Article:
Donations are being collected in water bottles in numerous offices around the state in the Refugee Aloha project started by volunteers at Unity Church. People may get a collection bottle or donate by calling the church office, 735-6116.

Direct tax-deductible contributions may be made to the American Red Cross International Response Fund, 4155 Diamond Head Road, Honolulu 96816. Internet users may make a contribution at

Lifeguard honored for research into jellyfish

City lifeguard Noble "Landy" Blair was to receive the Ocean Safety Division's community service award today at Kaanapali Beach Hotel.

From researching box jellyfish behavior, Blair devised a model to predict when, where and in what quantities the box jellyfish will invade Oahu's south shore.

His accurate predictions have helped thousands to avoid painful box jellyfish stings.

Other Honolulu awards to be presented at the state's Ocean Safety and Prevention conference:

Bullet Certificates of recognition will be presented to Kevin Allen, Paul Merino, Robert Miller and Daniel Zukoski.

Bullet Certificates of lifesaving merit: Donovan Bayne, Justine Howard, Ramon Martinez, Lena Thompson, Judy West, Kerry Atwood, Thomas Jenny, Susan Stewart, Robert Dorr, Clarence Moses and Abe Lerner.

Bullet Lifesaving valor award: Terry Ahue and Romeo Bruno-Filho.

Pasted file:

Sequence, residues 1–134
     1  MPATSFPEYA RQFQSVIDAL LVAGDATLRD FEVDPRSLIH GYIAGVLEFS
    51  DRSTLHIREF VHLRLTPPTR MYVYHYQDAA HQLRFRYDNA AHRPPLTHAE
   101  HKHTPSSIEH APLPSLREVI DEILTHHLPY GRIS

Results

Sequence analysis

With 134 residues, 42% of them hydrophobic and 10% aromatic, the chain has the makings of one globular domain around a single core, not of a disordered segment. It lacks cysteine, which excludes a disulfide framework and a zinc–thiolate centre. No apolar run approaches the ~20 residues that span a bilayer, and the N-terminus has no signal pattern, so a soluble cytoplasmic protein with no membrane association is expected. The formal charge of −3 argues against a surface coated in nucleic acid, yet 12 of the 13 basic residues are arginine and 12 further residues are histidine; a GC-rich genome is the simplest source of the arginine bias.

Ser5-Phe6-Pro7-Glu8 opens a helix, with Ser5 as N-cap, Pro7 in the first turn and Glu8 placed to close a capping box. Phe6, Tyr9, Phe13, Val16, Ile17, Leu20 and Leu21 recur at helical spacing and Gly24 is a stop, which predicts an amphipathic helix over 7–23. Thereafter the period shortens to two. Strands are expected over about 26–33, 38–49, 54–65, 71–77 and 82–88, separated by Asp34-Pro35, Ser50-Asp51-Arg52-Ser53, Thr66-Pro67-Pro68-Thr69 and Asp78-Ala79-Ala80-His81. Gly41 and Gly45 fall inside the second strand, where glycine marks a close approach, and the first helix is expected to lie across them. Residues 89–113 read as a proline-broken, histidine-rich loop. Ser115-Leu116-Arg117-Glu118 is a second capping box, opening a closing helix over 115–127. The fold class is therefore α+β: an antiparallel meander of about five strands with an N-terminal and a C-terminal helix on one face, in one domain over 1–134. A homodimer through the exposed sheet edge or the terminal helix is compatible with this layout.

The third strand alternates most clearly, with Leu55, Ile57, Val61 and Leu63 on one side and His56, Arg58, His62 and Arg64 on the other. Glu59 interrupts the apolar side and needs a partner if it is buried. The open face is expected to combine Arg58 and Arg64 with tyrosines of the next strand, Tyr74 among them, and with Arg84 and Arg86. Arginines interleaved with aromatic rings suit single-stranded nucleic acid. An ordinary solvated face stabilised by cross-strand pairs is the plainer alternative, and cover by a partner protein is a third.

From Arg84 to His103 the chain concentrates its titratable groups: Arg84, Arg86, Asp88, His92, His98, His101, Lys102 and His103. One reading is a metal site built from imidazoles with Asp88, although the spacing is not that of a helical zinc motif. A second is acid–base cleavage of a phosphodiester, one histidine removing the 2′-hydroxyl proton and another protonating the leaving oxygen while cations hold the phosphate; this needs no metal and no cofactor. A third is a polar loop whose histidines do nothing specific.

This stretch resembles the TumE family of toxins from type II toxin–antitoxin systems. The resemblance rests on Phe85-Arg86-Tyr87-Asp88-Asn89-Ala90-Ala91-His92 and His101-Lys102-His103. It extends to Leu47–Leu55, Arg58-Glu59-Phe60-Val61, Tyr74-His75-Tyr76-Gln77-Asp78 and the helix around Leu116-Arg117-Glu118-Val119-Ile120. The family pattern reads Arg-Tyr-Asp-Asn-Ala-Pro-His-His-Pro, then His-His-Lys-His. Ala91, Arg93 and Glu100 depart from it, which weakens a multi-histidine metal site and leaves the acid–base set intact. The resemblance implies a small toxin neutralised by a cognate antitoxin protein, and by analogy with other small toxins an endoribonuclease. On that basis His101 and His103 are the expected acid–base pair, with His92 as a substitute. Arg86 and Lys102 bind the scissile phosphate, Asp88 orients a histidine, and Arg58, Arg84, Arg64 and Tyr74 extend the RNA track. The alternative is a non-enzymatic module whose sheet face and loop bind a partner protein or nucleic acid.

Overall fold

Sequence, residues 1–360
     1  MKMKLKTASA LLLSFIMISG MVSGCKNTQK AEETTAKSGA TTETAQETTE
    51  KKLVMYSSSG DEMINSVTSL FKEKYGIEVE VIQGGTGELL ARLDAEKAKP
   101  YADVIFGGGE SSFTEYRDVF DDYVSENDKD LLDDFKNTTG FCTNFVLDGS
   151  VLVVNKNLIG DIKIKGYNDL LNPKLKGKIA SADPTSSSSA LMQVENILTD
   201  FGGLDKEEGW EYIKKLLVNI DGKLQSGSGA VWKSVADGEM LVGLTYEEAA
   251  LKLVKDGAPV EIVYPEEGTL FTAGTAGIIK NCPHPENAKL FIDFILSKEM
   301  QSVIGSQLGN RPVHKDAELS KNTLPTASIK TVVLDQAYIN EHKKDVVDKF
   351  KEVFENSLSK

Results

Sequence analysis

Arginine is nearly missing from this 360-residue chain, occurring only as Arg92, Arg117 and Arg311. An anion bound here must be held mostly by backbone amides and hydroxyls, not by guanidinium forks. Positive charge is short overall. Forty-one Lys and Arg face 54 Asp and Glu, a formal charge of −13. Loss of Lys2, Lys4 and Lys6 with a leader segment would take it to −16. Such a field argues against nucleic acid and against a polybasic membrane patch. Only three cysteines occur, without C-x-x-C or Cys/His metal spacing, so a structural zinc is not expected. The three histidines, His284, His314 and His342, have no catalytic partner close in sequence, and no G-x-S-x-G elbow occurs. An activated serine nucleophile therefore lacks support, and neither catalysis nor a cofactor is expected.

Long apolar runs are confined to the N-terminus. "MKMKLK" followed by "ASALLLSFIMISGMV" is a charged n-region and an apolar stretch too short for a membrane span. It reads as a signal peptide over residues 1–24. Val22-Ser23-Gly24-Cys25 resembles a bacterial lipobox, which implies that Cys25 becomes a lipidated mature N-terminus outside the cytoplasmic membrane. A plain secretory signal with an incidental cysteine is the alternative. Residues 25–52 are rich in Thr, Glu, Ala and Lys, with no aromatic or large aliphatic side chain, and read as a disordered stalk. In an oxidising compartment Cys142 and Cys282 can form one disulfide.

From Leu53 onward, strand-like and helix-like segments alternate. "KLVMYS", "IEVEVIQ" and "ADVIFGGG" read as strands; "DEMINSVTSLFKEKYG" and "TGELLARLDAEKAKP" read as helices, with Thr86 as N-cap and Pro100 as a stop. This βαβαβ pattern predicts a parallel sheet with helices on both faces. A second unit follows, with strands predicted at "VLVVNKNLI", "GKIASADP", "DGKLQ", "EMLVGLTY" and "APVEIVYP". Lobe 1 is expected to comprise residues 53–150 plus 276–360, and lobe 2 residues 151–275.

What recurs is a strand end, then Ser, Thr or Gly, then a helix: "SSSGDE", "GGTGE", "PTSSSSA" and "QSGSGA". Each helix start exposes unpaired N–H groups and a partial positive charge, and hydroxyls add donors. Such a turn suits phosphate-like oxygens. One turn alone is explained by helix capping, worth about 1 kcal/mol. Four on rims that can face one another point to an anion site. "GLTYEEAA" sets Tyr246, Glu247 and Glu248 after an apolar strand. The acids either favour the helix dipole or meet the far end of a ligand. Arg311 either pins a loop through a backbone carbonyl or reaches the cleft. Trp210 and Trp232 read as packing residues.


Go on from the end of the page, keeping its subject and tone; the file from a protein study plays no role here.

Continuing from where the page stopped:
Cancer Survivor Day celebrated tomorrow

Doctors, nurses and cancer patients of Kaiser Permanente's oncology department will celebrate life tomorrow. The "Cancer Survivor Day Celebration" starts at noon in the Kaiser Moanalua Medical Center lobby.

The one-hour program will include testimonials, including one by Jackie Young, former legislator and former executive director of Protect Our Constitution, and entertainment by cancer survivors.

Oncology means dealing with neoplasms or abnormal growth of tissue, as in tumors. Call 983-4982 for more information



Aloha Airlines had first-quarter revenues of $57.4 million, down 2.7 percent from $59 million in the year-earlier period. A Hawaii Inc. report yesterday had incorrect information.

See expanded coverage in today's Honolulu Star-Bulletin.
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Police, Fire


By Star-Bulletin staff

Officer Merrill honored for work in first quarter

Deputy Police Chief William Clark has recognized officer Thomas Merrill as the department's Officer of the First Quarter and the Wahiawa crime reduction unit as Unit of the First Quarter.

Kalihi officer Kevin Yamasaki will be awarded a Certificate of Merit.

Prison guard facing drug trial is released

A Circuit Court judge today granted supervised release to a suspended prison guard charged with possessing crystal methamphetamine.

Richard Doolin, 45, an adult corrections officer for 18 years, was indicted in March on three felony charges and a petty misdemeanor drug charge after he purchased drugs in a reverse buy set up by police, deputy prosecutor Julian White said.

Judge Frances Wong ordered that Doolin live with his mother until he is accepted into and enters a residential drug treatment program.

The state objected, arguing that Doolin was a prison guard at the time and given the seriousness of the charges is an inappropriate candidate for supervised release.

Doolin has been suspended from the Department of Public Safety and expects to be terminated shortly. He faces at least 20 years on the charges if convicted. His trial is set for July.

See expanded coverage in today's Honolulu Star-Bulletin.
See our [Search] [Info] section for subscription information.